Microsoft synchronization software lets Mac OS X users sync with Windows Phone 7 devices. But I'd like Zune desktop software for the Mac.

Ed Hansberry, Contributor

September 1, 2011

2 Min Read

Microsoft's Windows Phone is severely trailing in market share, regardless of the desktop platform being used, but at least the software giant is making an effort to connect with Mac users. It has just released the second major version of the Apple Connector software. This allows you to sync media files like music, pictures, and video with your Windows Phone.

While still not as seamless as what Windows users have for syncing through the Zune software, this is much better than what Windows Mobile had, which was nothing. There are a number of improvements according to the Windows Phone Blog. Key improvements include:

-- Full sync and import support for Apple's Aperture photo software;
-- Ability to browse the device and drag and drop files from there;
-- Custom ringtone support, once the phone has Mango;
-- Windows Phone Marketplace support, which also requires the phone have Mango on it;
-- Improved backup and restore;
-- Configuration for podcast sync and photo import; and
-- Additional 13 languages supported and for some exiting languages, there is improved iTunes sync support.

Note that when syncing with the iTunes music library, digital rights management (DRM) protected files won't play since Windows Phone doesn't understand how to read Apple's DRM files. Your files should all be in MP3 format anyway. It is one way to guarantee they can always be played in the future, regardless of the platform.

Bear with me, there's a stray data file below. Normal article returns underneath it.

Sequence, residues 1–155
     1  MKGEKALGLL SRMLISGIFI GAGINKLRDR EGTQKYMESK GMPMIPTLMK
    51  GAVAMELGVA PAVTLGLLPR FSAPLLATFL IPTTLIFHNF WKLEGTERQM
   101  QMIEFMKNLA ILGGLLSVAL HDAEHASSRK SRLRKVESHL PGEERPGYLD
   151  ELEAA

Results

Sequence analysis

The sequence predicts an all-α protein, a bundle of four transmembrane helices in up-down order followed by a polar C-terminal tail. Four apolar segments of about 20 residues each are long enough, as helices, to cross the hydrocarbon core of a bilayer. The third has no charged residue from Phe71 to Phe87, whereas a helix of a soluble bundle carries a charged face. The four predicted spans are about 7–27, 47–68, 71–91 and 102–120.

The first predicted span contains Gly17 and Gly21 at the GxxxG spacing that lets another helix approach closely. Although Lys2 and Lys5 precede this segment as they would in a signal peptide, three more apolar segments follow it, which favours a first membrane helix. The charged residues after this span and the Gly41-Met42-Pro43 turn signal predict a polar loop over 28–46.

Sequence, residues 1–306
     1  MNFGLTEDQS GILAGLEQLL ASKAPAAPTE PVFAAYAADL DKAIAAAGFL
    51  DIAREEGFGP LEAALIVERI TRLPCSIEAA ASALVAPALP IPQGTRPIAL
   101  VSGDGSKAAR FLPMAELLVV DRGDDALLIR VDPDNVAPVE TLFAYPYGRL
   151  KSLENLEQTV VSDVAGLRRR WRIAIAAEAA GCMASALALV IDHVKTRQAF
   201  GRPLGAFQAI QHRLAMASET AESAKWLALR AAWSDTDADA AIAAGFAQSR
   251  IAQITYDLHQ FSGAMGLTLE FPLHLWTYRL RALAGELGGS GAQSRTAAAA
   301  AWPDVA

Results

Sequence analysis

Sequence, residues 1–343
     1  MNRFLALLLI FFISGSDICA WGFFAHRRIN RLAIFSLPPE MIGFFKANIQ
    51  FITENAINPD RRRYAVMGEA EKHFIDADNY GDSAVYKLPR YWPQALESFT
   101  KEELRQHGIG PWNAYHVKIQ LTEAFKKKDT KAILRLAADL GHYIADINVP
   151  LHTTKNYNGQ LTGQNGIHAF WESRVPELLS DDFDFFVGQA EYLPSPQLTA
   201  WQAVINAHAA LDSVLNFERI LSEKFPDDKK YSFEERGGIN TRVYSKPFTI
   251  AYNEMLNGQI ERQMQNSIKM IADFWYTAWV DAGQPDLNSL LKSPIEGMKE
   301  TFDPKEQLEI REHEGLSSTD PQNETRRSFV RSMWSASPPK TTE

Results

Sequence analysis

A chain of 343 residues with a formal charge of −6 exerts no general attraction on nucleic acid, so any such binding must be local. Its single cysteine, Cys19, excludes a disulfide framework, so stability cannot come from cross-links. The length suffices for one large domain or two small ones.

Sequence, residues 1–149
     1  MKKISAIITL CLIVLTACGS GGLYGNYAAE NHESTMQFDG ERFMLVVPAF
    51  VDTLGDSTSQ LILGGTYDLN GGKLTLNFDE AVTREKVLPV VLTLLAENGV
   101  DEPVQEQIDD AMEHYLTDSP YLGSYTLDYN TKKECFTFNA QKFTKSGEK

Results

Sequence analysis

What I'd really like to see Microsoft do is make Zune desktop software for the Mac. Apple makes some incredible software, but iTunes is one of the worst apps I am forced to put up with. It amazes me that Apple continues to distribute this software. It is as if, in order to maintain some sort of balance and offset the fantastic design of most of its software, Apple decided to put out a piece of software with the worst user interface imaginable. If that was its goal, it succeeded.

That said, I wonder what percentage of Windows Phone users have a Mac as their primary machine? I would think it is a very small number, but judging by comments in the App Store and Windows Phone Blog, it definitely isn't zero.

Apple Connector 2.0 is available for free in the iTunes App Store. It requires Mac OS X 10.6 or higher and works with all Windows Phone 7 and Zune HD devices.

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